Hot Wheels Shuffleboard


My son wanted to play a game with his Hot Wheels cars this morning, and here's what we came up with. All three kids, even the two-year-old, had fun, although the youngest just wanted to roll the cars around!
Best of all, setup was simple and fast, allowing me to happily class this as a "Quick and Dirty Toy."
(Disclaimer: While I don't specifically remember seeing it, I am SURE someone has documented a similar game in the past. No claim of originality, just fun!)


Materials: 


  • Long stretch of smooth floor
  • 6 Matchbox size cars (Test them to make sure they all run reasonably far and straight.) 
  • Tape (Blue painter's tape would be ideal. I didn't have any, but I found a couple rolls of low-tack paper "Washi" tape I was willing to risk on my floor.) 


Setup: 

  • Mark a starting line with tape. About one half of the distance to the end of your course, mark the 1 point line. Mark the 2 and 3 point lines about 1/3 of the remaining distance between the 1 point line and the course end.
    Also mark the course end if necessary. (One variation of the game allows for a wall or other "bumper" at course end.) 
  • If you don't happen to have two sets of 3 similarly colored cars, place a small piece of tape or a sticker on top of 1/2 of the cars. We had two colors of tape and marked both sets of cars. 
  • Optionally, mark the point values on the tape. 

Rules: 

I will give the base game rules along with several variations for younger or older players.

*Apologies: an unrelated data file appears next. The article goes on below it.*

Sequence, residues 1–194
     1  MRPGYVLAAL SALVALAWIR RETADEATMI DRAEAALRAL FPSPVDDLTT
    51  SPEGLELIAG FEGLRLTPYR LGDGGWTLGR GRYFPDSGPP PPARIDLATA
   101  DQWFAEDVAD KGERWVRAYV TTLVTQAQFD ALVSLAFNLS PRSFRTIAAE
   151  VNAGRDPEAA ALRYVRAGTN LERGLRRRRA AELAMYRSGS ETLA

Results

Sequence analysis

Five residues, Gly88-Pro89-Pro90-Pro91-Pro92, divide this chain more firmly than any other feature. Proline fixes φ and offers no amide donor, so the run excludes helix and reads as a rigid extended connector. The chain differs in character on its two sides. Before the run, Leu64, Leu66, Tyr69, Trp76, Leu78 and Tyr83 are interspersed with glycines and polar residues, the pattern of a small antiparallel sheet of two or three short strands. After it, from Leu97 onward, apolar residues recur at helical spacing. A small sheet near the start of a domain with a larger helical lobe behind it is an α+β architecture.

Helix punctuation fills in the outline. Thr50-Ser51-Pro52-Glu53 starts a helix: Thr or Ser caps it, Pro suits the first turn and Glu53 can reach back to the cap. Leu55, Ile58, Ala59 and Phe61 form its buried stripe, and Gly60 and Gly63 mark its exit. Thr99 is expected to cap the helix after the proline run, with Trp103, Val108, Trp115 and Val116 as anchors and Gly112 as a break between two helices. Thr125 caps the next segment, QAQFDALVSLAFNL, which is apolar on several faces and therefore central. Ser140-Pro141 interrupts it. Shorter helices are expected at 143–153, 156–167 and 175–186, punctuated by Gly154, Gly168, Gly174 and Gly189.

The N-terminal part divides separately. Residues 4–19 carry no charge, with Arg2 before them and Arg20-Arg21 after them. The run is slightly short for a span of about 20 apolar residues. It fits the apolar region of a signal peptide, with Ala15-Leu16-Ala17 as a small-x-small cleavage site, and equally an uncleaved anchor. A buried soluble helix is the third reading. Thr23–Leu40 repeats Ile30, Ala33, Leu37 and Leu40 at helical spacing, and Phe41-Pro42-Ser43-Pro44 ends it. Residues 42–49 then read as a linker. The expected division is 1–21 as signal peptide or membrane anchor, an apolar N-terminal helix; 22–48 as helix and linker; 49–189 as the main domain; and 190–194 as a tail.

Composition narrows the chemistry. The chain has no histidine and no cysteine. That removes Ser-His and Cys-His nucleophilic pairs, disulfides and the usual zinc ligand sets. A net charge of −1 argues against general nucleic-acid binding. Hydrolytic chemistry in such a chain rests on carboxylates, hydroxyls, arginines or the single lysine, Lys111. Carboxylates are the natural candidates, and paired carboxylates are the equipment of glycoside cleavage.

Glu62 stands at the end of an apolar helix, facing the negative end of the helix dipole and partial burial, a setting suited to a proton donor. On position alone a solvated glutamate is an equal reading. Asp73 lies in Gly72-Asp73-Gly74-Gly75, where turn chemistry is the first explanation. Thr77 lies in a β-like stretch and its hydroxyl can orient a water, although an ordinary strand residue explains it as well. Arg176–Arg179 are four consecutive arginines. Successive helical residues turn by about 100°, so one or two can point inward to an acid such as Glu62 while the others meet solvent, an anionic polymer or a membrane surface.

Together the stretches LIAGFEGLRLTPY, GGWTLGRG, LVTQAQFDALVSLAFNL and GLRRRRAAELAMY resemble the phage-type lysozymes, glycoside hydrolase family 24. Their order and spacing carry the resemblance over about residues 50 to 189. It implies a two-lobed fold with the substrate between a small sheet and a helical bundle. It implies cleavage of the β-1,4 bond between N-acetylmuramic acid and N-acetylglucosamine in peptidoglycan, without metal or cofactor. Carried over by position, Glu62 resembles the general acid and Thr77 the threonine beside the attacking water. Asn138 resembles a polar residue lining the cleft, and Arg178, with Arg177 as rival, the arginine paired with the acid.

• Each player sends one car down the course, beginning from behind the starting line. 
  • The car is scored based on where it stops rolling, with any piece of the car extending over a line counting as "in." (Or "out" as the case may be!) 
  • Alternate turns until each player has sent all three cars down the course. Note that cars *are* allowed to bump one another, and scoring takes place only after all cars have been played. 
  • The player with the most points wins, and gets to go first on the next game. 

In this example, the black and green car scores 0, the orange scores 1, the white scores 2, and the green and red cars 3 - unless they bumped the basket or drove off the edge.

Alternates for a simpler game 

  • Our first go-round, we marked a car as "out" if it either bumped a wall at the end of the course, or traveled past the wood floor into the kitchen. This was So easy to do that it got frustrating. So we set up a laundry basked across the kitchen door, and changed the scoring. Cars were now allowed to hit the wall or basket, but the area between the last line and the course end was now worth 1 point. The area between the 2nd and 3rd scoring lines was now deemed "most difficult" and set at 3 points.
    In theory it is possible to bounce a car off the wall or the basket and back into the three point line, but in practice it never happened. Remember that where the Front of the car is determines the score.
    Going back to the example in the photo, the green and red cars would be just 1 point, and the white car a 3.
  • For younger kids, playing just one car at a time and immediately removing it from the course may be less frustrating. Alternately, each player could play all three cars and them remove them from the course before the other player goes. 
Alternates for a more complicated game
  • Play in a hall-way and mark cars as "out" if they strike either wall. If playing in a more open area, mark "gutters" or "boundaries" to left and right. Cars outside the boundary are not scored.
  • Keep score for several rounds, perhaps using a white board or magna-doodle.
  • Set up a dual-ended course with scoring lines on each end and gutters to side and end. This, of course, will require some accurate measurements plus plenty of room on each end to be fair. Each player sends his cars from opposite ends of the course. (Check out the rules for "Table Shuffleboard" for more ideas.) 


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